The Marine Forces Reserve (also known as the United States Marine Corps Reserve or the U.S. Marine Corps Forces Reserve) was created in 1916, in conjunction with the creation of the Navy Reserve. Since then, the evolution of this force would expand from just thirty-five to today’s roughly 40,000 Marine Corps Reservists. The Marine Corps Reserve Birthday is observed every year on the 29th of August.
Marine Corps Reserve birthday will be celebrated on Sunday, August 29, 2021.
The Mission Of The Marine Corps Reserve
The Marine Forces Reserve is tasked with the mission of augmenting and reinforcing active duty Marine forces during a war or open hostilities, national emergencies, and contingency operations. The Marine Corps Reserve also relieves active duty forces in peacetime missions and offers service to the community.
A Brief History of the Marine Corps Reserve
In 1916, President Woodrow Wilson’s signature on the Naval Appropriations Act brought the concept of a Navy and Marine Corps Reserve force to life. When the United States joined World War One, the Marine Reserve forces totaled three officers and 32 enlisted Marines, but by the time the war ended that number expanded to over 6,000 total Reservists.
The Naval Reserve Act of 1925 brought change and more organization to the Marine Corps Reserve, but during a period of downsizing. By 1930 there was talk about saving money by merging the United States Marine Corps with the U.S. Army. That’s an idea that didn’t come to pass; after some public outcry by elected officials in favor of a standalone Marine Corps, the idea was abandoned.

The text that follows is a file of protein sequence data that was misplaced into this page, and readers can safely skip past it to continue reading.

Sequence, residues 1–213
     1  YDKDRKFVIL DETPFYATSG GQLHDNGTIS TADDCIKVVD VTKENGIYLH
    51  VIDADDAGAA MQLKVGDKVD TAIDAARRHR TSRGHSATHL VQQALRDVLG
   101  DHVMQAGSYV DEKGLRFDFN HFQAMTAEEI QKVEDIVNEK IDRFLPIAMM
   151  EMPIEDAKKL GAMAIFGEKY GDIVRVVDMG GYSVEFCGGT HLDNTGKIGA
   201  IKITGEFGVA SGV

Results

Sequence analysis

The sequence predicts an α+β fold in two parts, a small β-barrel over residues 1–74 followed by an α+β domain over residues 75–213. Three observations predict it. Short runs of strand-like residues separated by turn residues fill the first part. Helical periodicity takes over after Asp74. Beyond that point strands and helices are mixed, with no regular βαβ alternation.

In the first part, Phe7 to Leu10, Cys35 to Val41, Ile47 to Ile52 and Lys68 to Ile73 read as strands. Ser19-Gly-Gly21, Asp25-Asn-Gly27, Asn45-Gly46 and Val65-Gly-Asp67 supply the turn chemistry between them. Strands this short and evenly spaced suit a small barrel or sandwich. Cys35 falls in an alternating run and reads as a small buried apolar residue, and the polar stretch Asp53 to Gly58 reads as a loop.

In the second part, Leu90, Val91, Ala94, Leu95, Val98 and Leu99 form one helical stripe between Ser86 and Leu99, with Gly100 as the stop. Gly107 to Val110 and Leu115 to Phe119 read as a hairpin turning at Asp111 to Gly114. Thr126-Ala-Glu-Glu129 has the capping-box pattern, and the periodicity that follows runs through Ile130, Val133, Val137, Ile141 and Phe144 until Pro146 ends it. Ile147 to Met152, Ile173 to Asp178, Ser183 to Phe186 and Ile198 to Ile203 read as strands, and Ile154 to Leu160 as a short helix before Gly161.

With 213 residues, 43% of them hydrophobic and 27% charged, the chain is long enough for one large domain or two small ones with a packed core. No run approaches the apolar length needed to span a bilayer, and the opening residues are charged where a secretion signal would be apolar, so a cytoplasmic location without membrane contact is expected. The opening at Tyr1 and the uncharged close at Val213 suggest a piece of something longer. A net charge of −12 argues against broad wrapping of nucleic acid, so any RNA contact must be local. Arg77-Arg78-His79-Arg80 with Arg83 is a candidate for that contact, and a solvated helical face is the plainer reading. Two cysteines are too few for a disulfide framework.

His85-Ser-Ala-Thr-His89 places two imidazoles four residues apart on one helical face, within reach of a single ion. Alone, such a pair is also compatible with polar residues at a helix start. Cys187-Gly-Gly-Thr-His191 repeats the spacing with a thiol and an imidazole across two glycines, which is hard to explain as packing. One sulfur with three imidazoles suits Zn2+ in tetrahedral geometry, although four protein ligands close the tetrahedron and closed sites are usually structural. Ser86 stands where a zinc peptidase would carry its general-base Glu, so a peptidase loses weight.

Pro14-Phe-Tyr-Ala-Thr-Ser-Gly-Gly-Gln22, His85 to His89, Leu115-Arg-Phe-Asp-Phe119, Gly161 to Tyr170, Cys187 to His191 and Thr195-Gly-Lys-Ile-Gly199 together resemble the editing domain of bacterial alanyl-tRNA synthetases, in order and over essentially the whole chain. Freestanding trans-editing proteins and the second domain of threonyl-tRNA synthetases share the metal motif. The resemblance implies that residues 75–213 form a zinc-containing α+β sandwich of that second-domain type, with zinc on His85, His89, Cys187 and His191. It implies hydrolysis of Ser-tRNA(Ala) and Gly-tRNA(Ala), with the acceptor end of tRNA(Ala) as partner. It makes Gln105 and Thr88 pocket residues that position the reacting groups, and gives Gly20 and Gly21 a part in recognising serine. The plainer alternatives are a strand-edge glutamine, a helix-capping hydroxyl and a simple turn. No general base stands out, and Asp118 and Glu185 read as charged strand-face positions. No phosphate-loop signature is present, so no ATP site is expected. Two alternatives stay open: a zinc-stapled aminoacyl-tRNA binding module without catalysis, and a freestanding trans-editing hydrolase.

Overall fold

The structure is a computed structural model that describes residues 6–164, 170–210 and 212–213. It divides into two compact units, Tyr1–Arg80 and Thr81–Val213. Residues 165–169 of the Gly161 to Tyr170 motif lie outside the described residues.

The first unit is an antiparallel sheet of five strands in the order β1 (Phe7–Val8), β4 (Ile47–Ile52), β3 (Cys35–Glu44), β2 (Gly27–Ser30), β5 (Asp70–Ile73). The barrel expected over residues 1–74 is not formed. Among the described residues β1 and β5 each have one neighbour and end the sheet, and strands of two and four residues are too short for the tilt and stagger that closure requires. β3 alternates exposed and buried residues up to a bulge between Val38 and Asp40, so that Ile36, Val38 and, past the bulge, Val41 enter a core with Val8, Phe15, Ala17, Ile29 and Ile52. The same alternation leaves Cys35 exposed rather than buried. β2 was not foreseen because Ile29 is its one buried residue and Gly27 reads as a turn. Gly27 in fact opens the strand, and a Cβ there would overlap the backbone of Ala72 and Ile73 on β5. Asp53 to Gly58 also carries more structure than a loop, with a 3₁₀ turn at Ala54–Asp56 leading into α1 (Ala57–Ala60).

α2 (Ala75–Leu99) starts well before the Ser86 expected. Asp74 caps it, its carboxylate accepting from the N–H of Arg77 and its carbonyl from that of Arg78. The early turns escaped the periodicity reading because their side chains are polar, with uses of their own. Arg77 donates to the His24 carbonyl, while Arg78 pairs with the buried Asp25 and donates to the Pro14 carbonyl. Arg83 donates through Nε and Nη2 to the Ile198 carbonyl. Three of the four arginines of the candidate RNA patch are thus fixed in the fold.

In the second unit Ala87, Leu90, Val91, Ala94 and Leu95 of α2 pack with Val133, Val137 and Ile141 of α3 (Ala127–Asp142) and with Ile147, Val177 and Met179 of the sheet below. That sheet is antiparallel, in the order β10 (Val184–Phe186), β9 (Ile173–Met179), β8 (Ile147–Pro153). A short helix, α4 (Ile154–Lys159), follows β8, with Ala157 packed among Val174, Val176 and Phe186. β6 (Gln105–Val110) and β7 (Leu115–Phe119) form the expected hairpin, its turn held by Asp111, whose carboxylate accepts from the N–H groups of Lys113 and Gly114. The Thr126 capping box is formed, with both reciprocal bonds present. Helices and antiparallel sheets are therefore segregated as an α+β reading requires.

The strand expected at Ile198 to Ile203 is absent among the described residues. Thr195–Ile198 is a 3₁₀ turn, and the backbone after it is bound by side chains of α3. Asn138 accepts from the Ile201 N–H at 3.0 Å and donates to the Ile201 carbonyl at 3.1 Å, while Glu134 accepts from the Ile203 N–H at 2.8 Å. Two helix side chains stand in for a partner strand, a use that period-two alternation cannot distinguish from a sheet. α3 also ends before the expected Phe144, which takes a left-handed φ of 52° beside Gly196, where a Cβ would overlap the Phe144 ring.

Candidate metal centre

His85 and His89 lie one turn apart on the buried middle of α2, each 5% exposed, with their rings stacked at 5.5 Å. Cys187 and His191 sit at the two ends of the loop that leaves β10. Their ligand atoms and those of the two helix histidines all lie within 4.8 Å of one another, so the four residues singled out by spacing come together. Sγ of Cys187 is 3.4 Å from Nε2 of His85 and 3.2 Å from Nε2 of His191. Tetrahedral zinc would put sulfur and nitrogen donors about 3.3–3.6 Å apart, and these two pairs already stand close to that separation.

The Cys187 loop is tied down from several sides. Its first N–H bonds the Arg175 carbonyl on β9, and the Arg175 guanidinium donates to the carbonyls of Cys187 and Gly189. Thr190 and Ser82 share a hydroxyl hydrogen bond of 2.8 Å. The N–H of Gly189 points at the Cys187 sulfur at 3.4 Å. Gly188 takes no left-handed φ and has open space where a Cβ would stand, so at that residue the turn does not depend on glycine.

Some ten years later, the House Naval Affairs Committee approved an increase in Drill Status Reserves to 485 officers and 6,500 enlisted Marines, plus a standby reserve of more than 2,000 officers and 1,600 enlisted.
This act seemed to solidify the future of the United States Marine Corps Reserve, and in 1938 a replacement Naval Reserve Act was passed, creating the basis for the Marine Reserve force we have today.
The Marine Corps began to expand its’ horizons during World War Two, with the creation of The Marine Corps Women’s Reserve, which was authorized by Congress in July 1942. Other branches of the military had started accepting women for service, and the Marine Corps Women’s Reserve swore in its first director, Maj. Ruth Cheney Streeter, in 1943. The first 71 female officer candidates arrived at the U.S. Midshipmen School soon after, with over 700 enlisted women entering Marine Corps boot camp.
In 1947, it seemed as though the Marine Corps and the Marine Corps Reserve were on the chopping block once more. The Armed Forces Unification Act created a new Department of Defense, but some sources say the act was also “aimed at the abolishment of the Marine Corps in the name of unification,” according to the official site of The Marine Corps Reserve Association.
However, the Reserve Forces Act of 1948 included standardized pay for Marine Corps Reserve drills, active duty training, and created a retirement pay program. The United States Marine Corps and The Marine Corps Reserve were here to stay.
Years later, after the end of the military draft and the transition to an all-volunteer force in the 1970s, the United States Marine Corps Reserve would build itself into an approximately 38,000 members-strong force in the Marine Corps Select Reserve with another approximate 70,000 Marines serving in the Individual Ready Reserve that we know today.
Celebrating The United States Marine Corps Reserve Birthday